WHAT IS IT?
Gestational diabetes mellitus (GDM) refers to diabetes (characterized by elevated blood sugar levels) that is commonly diagnosed in the 2nd/3rd trimester of pregnancy. It is clearly NOT overt diabetes (women diagnosed with diabetes in the first trimester are given the diagnosis of type 2 diabetes mellitus).
WHAT CAUSES IT?
Insulin resistance is the most common cause of GDM (although other forms of this condition also exist but are rare, such as pancreatic beta-cell dysfunction). While the exact cause is not well understood, it is thought that some component of the hormone changes experienced by pregnant women decreases insulin sensitivity.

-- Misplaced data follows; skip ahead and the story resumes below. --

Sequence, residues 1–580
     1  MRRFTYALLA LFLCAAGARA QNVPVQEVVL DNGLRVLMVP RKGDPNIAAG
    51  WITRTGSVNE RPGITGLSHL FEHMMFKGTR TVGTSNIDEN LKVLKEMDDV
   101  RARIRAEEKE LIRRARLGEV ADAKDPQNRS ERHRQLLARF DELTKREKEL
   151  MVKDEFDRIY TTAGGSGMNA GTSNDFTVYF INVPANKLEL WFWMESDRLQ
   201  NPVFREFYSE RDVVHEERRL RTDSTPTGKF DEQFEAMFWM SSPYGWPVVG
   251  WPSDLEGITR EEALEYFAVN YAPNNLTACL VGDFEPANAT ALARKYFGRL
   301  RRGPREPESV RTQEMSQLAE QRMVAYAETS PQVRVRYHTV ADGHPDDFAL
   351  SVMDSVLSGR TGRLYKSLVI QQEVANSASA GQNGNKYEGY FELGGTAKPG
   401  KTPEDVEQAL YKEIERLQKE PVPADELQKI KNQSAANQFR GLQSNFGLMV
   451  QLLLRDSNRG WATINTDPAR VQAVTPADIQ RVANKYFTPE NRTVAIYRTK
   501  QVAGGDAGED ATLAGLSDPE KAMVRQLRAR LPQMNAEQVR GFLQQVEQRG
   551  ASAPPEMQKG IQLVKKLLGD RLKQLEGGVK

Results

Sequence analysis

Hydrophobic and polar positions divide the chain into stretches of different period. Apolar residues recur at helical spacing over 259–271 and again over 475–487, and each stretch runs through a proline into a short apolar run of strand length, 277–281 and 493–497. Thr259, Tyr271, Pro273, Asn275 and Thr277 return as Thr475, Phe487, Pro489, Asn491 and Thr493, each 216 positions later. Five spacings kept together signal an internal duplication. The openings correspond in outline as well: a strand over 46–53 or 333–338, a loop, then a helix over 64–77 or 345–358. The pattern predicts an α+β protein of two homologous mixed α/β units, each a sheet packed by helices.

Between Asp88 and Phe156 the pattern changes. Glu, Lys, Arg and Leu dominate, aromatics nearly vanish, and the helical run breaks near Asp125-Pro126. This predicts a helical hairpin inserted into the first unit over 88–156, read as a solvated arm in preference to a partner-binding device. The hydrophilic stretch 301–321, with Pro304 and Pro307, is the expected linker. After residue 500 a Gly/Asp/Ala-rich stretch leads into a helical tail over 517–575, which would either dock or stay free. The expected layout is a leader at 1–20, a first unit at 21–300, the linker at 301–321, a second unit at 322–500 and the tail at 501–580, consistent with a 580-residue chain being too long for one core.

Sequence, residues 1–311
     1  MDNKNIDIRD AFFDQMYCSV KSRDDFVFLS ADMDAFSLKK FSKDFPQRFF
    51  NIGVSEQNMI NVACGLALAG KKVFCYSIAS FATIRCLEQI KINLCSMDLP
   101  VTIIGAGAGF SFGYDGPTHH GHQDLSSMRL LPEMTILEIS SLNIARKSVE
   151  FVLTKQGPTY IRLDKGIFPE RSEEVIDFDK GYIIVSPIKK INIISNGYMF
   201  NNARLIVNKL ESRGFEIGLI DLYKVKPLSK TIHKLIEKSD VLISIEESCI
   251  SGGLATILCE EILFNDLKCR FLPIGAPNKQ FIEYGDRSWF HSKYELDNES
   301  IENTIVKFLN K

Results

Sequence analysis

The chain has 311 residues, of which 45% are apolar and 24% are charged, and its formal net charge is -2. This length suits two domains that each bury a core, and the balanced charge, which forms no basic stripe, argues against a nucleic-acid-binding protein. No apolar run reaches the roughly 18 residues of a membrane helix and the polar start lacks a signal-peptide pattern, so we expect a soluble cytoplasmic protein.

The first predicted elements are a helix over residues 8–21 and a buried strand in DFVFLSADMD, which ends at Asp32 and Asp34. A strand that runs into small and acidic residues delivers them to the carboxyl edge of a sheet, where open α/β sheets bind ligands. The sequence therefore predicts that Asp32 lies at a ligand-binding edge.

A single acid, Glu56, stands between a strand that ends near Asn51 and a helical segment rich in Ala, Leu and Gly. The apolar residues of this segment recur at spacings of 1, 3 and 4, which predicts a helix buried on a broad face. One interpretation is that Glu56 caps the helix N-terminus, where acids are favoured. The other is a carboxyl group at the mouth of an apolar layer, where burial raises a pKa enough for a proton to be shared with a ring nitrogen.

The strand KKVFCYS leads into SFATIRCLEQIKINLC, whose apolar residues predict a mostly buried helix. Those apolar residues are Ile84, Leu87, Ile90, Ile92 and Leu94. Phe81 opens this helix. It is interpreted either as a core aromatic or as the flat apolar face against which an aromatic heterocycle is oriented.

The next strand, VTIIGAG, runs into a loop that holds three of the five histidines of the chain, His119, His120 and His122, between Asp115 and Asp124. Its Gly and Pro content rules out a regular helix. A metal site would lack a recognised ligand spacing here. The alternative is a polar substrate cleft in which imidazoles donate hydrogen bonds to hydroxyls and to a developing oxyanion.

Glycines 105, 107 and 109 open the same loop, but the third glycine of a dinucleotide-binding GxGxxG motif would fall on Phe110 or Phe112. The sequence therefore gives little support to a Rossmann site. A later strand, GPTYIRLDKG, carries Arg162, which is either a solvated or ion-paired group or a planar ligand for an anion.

Human placental lactogen (hPL) is thought to contribute to this condition by stimulating pancreatic beta cell production. this peptide hormone is elevated in the mother’s body during pregnancy.
WHY IS IT A PROBLEM?
Pathological insulin resistance in a pregnant mother will lead to hyperglycemia, and then fetal hyperinsulinemia. These changes in hormone signaling will result in increased fetal growth.
WHAT MAKES US SUSPECT IT?
Common Chief Complaints:
History Of Present Illness
Physical Exam Findings
Glucose tolerance test:
AT WHAT POINT DO WE CONFIDENT IN MAKING THE DIAGNOSIS?
WHAT ELSE ARE WE WORRIED ABOUT?
HOW DO WE TREAT IT?
HOW DO WE SCREEN FOR IT?
All women gestation ages 24-28 weeks should receive the 1 hour (50g glucose) glucose tolerance test.
Page Updated: 09.06.2016